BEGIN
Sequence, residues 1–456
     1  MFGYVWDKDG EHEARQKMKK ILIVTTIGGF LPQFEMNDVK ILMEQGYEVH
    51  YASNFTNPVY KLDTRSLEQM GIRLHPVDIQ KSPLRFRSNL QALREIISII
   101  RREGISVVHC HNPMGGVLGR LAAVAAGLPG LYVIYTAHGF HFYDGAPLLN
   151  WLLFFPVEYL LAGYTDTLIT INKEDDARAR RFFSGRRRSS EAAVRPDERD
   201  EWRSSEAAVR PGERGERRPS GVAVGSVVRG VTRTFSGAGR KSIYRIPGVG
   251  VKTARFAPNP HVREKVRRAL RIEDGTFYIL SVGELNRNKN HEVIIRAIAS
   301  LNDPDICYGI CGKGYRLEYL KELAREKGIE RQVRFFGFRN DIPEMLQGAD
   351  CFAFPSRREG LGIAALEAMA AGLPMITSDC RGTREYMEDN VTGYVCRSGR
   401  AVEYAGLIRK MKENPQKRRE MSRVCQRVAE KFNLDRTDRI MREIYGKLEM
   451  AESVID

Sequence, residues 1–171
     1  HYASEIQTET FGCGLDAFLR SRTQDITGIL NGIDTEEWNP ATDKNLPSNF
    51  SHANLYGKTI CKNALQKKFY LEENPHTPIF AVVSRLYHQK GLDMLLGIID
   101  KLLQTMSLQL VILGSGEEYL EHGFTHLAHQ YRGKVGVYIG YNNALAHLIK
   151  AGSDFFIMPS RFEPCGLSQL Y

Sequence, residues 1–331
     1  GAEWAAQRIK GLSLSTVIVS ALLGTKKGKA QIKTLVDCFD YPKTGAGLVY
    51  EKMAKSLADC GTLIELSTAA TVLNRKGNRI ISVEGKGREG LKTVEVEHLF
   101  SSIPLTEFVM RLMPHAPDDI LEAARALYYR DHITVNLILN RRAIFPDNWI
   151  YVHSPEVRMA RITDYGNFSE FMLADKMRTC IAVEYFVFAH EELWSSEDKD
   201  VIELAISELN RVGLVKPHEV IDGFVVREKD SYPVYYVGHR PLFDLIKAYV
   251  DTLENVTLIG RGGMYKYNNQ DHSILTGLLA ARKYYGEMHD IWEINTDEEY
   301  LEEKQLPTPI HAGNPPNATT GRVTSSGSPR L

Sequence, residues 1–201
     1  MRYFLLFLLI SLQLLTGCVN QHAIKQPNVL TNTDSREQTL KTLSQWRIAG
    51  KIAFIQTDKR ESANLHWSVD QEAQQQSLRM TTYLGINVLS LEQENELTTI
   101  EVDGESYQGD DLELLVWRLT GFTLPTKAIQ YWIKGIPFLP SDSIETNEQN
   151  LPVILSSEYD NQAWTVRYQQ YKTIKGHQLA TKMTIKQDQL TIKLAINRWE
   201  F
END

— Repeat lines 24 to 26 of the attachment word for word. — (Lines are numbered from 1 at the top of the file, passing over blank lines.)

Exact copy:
   301  LEEKQLPTPI HAGNPPNATT GRVTSSGSPR L

Sequence, residues 1–201
     1  MRYFLLFLLI SLQLLTGCVN QHAIKQPNVL TNTDSREQTL KTLSQWRIAG